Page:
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Posted by Richard Perkins about 11 years ago
Down in the south of France we took the opportunity to swing by Association Kokopelli, a non-profit making organization that was set up in 1999 to take up the torch of Terre de Semences in France (which was forced to close down following the enforcement of a ministerial decree (issue by the French Ministry of Agriculture)) imposing draconian conditions for the legal registration of heirloom vegetable varieties in a "National List for Amateur Varieties". Kokopelli is involved in the protection of biodiversity and in the production and distribution of biodynamic and organic seeds.
It is interesting to consider that our closest primate relations eat between 250- 1000 plant species a year, and we struggle to find more than 40 in any market in the UK. It speaks a lot to malnutrition and the illnesses growing exponentially throughout cultures based around highly processed “convenient” food. Seed swaps are one creative community empowered way to get around the prohibition and constraints of sale of vegetable seeds.
The work of organization such as Kokopelli are incredibly important with the networking and quality of seeds being distributed. Living Seed Banks in different parts of the world seed banks have been created, often tunnels dug into ice and rock in the freezing tundra at high latitudes. Any assurance that this is an effective strategy to “fall back on” is totally undermined by the fact that evolution is not simply the long term notion that may come to mind. Plants adapt on many levels in each growing season, in relation to climate, pollution, nutrition and a whole range of other factors. Living seed banks are the only thing we can truly rely on to ensure diversity, security and wellbeing. Kokopelli encourages members to save seed and distribute future seeds back to themselves and on to other growers. Its vital, to the point where an enlightened community could employ a dedicated seed saver perhaps!
How do you save seed?
The essence of seed saving is fairly basic with a little understanding. It is far easier in a cool temperate climate than in say the tropics, where humidity and temperature can quickly lead to spoiling. The first part to think about is pollination, how does seed originate?
There are two types of pollination Abiotic and Biotic. Abiotic pollination refers to situations where pollination is mediated without the involvement of other organisms. Only 10% of flowering plants are pollinated without animal assistance. (Co-operation in the natural world far outshines competition; in the same way we have more bacterial cells than human cells by a factor of around 10!) The most common form of abiotic pollination, anemophily, is pollination by wind. This form of pollination is predominant in grasses, most conifers, and many deciduous trees. Hydrophily is pollination by water, and occurs in aquatic plants which release their pollen directly into the surrounding water. About 80% of all plant pollination is biotic. Of the 20% of abiotically pollinated species, 98% are anemophilous and 2% hydrophilous, being pollinated by water.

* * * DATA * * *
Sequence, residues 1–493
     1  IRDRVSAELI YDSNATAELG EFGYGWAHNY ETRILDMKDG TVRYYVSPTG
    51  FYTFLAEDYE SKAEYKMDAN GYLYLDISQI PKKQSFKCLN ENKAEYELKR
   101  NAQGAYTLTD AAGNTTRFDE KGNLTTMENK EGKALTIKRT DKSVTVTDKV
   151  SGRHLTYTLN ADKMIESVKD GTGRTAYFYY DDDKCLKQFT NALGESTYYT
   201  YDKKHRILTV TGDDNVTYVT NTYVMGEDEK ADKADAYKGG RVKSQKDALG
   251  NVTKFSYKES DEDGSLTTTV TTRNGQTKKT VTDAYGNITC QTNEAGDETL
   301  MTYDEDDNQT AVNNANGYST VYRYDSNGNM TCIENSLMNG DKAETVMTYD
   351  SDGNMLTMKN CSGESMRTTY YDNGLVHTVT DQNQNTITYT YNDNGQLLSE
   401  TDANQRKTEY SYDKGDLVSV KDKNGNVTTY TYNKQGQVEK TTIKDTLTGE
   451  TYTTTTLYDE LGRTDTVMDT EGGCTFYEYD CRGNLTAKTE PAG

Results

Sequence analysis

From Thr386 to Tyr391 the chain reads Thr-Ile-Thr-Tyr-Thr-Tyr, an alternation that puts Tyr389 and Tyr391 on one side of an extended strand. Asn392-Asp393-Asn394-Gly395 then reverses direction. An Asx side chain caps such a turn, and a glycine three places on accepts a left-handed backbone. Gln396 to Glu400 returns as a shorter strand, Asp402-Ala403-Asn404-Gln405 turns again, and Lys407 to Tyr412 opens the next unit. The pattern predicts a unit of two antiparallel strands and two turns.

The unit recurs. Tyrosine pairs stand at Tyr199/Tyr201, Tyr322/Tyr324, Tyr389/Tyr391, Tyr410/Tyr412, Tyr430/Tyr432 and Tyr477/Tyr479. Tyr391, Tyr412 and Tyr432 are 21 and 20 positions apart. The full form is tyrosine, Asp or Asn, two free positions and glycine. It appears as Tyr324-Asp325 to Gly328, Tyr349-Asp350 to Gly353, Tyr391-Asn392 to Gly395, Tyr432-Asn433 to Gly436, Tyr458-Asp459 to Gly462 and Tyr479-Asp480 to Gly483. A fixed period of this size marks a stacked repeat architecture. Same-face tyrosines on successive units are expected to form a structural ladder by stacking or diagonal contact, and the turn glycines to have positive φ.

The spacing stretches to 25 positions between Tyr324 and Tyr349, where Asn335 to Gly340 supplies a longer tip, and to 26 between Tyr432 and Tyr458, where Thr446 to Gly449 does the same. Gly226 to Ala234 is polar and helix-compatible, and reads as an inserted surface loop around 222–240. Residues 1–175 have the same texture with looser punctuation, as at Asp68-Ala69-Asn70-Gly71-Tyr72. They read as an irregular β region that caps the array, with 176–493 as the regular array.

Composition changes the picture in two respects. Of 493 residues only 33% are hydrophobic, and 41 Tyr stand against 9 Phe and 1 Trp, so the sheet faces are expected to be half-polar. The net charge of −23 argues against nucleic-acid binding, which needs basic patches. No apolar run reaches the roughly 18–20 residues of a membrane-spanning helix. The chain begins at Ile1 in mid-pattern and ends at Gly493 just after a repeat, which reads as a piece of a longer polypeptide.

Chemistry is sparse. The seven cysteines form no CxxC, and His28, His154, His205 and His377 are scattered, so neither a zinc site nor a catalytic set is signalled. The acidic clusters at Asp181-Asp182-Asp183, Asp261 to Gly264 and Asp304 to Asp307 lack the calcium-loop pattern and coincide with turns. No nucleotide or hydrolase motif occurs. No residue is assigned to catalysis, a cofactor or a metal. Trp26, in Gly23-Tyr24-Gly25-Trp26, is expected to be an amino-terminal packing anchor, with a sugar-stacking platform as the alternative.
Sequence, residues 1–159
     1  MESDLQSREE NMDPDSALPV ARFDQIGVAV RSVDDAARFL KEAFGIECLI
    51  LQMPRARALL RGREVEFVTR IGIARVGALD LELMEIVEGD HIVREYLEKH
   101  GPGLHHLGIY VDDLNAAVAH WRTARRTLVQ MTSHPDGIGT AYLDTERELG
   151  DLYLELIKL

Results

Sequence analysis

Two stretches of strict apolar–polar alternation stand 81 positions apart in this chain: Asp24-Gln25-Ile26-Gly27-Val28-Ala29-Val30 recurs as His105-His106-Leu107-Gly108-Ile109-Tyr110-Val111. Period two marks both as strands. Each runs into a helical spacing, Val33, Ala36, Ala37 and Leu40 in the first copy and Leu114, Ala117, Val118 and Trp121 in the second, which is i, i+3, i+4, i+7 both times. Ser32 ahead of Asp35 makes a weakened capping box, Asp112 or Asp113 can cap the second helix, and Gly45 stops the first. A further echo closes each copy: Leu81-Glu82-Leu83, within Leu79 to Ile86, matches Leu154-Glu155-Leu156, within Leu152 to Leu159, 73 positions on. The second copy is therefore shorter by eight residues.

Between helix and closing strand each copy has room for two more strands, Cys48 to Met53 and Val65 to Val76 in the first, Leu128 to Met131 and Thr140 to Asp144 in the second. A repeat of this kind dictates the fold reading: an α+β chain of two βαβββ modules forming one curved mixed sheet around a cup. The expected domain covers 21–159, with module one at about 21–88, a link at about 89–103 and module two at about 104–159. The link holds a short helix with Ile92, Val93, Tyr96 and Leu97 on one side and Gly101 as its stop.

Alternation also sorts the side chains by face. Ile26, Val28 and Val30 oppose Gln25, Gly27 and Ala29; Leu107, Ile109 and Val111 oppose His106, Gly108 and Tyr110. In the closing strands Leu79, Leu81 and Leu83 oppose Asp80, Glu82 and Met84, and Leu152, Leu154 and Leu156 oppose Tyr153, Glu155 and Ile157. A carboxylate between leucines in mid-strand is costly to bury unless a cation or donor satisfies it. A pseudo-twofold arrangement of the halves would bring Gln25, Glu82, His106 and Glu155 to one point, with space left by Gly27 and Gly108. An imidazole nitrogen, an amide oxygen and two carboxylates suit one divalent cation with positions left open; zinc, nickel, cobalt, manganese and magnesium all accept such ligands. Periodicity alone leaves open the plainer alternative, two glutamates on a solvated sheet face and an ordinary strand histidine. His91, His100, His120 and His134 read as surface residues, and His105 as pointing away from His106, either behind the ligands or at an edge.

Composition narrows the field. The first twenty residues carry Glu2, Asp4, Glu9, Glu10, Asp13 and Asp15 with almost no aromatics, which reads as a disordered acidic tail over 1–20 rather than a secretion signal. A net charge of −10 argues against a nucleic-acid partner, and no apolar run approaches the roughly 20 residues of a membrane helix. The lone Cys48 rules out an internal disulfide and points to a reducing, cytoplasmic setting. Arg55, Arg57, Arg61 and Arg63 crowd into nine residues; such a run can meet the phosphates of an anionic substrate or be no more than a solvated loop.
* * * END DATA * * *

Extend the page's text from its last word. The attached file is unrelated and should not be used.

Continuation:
More commonly, the process of pollination requires pollinators: organisms that carry or move the pollen grains from the anther to the receptive part of the carpel or pistil. This is biotic pollination. Roughly 200,000 varieties of animal pollinators are in the wild, most of which are insects. Entomophily, pollination by insects, often occurs on plants that have developed colored petals and a strong scent to attract insects such as, bees, wasps and occasionally ants (Hymenoptera), beetles (Coleoptera), moths and butterflies (Lepidoptera), and flies (Diptera). In zoophily, pollination is performed by vertebrates such as birds and bats, particularly, hummingbirds, sunbirds, spiderhunters, honeyeaters, and fruit bats.
Plants adapted to using bats or moths as pollinators typically have white petals and a strong scent, while plants that use birds as pollinators tend to develop red petals and rarely develop a scent (few birds rely on a sense of smell to find plant-based food).
Open pollination is the key to seed saving. Plants that reproduce through natural means tend to adapt to local conditions over time, and evolve as reliable performers, particularly in their localities, known as landraces or "folk varieties." Open pollinated plants are free from pesticides, chemicals and any other form of genetic modification by humans. The modern trend to rely on hybridized and cloned plants negates these evolutionary processes. Hybrid plants are artificially cross-pollinated, and bred to favor desirable characteristics, like higher yield (in monocultures) and more uniform size to accommodate mechanized harvesting. However, the seed produced by the second generation (F2) of the hybrid does not reliably produce a true copy of that hybrid (it 'segregates') and often loses much of its yield potential.
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